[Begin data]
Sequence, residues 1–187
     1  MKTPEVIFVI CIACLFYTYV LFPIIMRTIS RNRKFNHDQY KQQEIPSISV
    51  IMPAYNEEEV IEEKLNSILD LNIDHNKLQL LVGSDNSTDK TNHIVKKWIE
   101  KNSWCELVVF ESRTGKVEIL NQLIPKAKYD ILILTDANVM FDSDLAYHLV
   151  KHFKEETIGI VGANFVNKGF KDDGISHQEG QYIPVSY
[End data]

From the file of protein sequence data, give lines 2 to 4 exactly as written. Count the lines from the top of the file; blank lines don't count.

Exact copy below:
     1  MKTPEVIFVI CIACLFYTYV LFPIIMRTIS RNRKFNHDQY KQQEIPSISV
    51  IMPAYNEEEV IEEKLNSILD LNIDHNKLQL LVGSDNSTDK TNHIVKKWIE
   101  KNSWCELVVF ESRTGKVEIL NQLIPKAKYD ILILTDANVM FDSDLAYHLV